Box 7, Folder 10, Document 9

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Statement by J. Irwin Miller, President, Cummins Engine Company
and Member, Policy Council, Urban Coalition Action Council
before the Subcommittee on Employment, Manpower and Poverty
Committee on Labor and Public Welfare
U.S. Senate
April 23, 1969
Mr. Chairman:

I appreciate the opportunity to appear with Mr. Gardner
on behalf of the Urban Coalition Action Council in support of
extension and adequate funding of the Economic Opportunity
Act. I endorse Mr. Gardner's statement, particularly his
conclusions and proposed Congressional action.

There are two points made by Mr. Gardner to which I wish
to call special attention. The first concerns the fact that
we -- business, labor, mayors, religion, minority and civic
groups -- represent a broad-based national coalition of
normally divergent interests. The Urban Coalition Action
Council was formed because of our concern with the future of
this increasingly urbanized society, and the legislation
needed to meet the challenges of such a society. The Economic
Opportunity Act is one of the legislative tools meeting those
challenges. Notwithstanding our diversity of views on many
issues we recognize the role the Economic Opportunity Act has
played not only in materially improving, but in giving
substances to the lives of many of the poor and disadvantaged
citizens in our society. There should be no thought given to
cutting back, retrenching or limiting the assistance the
Federal government can provide through legislation such as

this. Instead, the Federal government. should be genuinely

concerned to make certain the funding is enough to do the job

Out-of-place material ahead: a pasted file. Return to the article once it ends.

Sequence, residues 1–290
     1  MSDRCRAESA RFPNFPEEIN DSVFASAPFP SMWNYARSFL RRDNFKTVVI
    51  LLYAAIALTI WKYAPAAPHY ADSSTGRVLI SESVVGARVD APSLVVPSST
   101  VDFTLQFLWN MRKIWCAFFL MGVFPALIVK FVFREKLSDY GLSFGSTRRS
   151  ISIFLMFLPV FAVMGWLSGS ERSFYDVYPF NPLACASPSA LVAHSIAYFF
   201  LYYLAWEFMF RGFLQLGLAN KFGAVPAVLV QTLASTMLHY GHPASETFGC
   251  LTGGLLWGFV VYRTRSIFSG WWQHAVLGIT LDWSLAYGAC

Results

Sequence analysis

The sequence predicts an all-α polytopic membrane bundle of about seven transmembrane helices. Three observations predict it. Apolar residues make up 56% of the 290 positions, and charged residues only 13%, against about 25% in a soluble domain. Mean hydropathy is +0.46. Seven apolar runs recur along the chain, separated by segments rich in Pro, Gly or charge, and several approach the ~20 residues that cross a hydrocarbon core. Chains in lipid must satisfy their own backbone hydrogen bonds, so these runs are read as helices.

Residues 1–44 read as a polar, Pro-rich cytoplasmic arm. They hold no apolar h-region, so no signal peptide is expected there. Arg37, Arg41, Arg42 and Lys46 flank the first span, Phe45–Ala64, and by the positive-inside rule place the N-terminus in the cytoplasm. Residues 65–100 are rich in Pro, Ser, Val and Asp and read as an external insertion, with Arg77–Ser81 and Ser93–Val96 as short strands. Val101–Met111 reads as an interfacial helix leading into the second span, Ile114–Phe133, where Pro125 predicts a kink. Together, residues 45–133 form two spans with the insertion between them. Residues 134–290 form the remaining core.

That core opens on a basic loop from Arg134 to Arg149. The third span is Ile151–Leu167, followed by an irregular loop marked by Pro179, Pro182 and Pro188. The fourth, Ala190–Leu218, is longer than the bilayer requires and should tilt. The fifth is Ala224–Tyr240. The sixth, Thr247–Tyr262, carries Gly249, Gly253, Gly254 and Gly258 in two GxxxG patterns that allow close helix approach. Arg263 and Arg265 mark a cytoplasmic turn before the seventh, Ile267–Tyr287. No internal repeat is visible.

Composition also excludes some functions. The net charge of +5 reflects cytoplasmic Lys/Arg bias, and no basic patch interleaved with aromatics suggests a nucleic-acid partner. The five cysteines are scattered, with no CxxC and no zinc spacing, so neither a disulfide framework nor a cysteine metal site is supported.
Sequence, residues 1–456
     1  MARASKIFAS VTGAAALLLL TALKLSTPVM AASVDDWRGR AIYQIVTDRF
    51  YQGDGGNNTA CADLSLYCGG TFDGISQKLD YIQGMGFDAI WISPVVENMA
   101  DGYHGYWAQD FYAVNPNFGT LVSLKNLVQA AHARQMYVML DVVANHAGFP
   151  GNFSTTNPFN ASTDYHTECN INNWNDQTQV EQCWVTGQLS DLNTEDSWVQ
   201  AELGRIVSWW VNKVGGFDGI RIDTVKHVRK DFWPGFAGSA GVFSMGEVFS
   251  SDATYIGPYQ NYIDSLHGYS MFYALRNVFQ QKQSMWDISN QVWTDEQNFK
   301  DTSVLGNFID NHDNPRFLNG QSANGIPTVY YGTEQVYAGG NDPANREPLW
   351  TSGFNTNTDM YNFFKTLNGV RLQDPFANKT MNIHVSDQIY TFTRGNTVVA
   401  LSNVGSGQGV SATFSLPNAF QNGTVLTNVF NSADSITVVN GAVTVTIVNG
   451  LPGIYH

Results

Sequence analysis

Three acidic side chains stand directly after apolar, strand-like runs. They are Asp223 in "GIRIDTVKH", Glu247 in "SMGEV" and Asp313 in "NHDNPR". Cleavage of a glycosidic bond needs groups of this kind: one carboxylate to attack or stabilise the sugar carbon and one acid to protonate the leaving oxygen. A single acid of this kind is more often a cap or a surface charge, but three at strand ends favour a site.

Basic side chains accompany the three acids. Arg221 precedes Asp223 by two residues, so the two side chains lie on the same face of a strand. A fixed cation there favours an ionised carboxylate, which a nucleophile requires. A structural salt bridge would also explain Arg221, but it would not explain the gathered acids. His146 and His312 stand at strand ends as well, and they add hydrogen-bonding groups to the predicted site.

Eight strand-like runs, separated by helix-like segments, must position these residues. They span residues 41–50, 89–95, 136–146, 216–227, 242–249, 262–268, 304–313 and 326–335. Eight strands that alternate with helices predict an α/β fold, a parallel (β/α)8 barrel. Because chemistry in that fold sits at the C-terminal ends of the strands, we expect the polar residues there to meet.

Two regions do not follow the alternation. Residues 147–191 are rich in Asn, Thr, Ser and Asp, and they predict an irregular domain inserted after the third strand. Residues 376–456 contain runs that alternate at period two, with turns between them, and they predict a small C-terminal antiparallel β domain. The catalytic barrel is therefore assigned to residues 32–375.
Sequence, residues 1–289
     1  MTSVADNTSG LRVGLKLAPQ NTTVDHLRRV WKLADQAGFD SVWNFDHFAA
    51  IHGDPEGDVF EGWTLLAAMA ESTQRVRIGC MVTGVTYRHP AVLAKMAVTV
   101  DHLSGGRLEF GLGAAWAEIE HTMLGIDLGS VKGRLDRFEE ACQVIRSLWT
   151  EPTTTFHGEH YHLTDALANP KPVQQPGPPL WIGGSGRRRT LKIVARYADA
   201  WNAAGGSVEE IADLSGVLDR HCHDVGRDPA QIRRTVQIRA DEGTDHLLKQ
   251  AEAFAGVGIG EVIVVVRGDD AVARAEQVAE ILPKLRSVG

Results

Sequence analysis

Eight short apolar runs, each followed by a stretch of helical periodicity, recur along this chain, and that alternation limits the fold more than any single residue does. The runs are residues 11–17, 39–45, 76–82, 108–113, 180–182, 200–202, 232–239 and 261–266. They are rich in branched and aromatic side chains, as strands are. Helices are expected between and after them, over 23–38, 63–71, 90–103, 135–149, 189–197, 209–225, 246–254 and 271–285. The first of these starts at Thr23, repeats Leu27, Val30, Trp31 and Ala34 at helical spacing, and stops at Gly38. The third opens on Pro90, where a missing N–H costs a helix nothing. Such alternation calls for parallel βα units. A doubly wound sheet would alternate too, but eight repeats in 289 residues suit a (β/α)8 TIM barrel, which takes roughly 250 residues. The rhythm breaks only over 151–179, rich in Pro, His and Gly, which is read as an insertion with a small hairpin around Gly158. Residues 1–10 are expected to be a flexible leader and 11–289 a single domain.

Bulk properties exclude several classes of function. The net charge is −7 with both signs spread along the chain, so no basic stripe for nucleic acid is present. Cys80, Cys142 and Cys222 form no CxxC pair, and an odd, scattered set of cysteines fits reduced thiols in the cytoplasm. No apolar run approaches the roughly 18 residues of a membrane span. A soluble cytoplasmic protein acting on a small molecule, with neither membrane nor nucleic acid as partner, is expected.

within reasonable time.
The second point I wish to make, and again one Mr. Gardner
developed in his testimony, concerns the role of community
action in the overall antipoverty effort. It seems to me
essential that the Congress give full support in this problem
to local community involvement. The poor and disadvantaged
are more concerned eda than ever before in gaining an
effective role in determining their own destiny. They no
longer see themselves as helpless and powerless before the
unyielding and unchanging institutional forces of our society.
They now have a direct and significant impact on these
institutions. Although not all view this impact in the same way,
I personally believe that greater involvement by the
disadvantaged in social action programs is necessary, and
that results to date have been favorable. Expansion of this
concept should be encouraged. There is also no question in
my mind but that community action programs, fostered and
nurtured by community action agamicbes’, will turn out to have
been the forerunners of a much wider range of community
involvement by the poor. For this we have the Economic
Opportunity Act largely to thank.

I join Mr. Gardner in urging Congress to continue its
support of this legislation by giving it not only the extended
life it deserves, but the funds, in the form of appropriations,

it needs to prosper.
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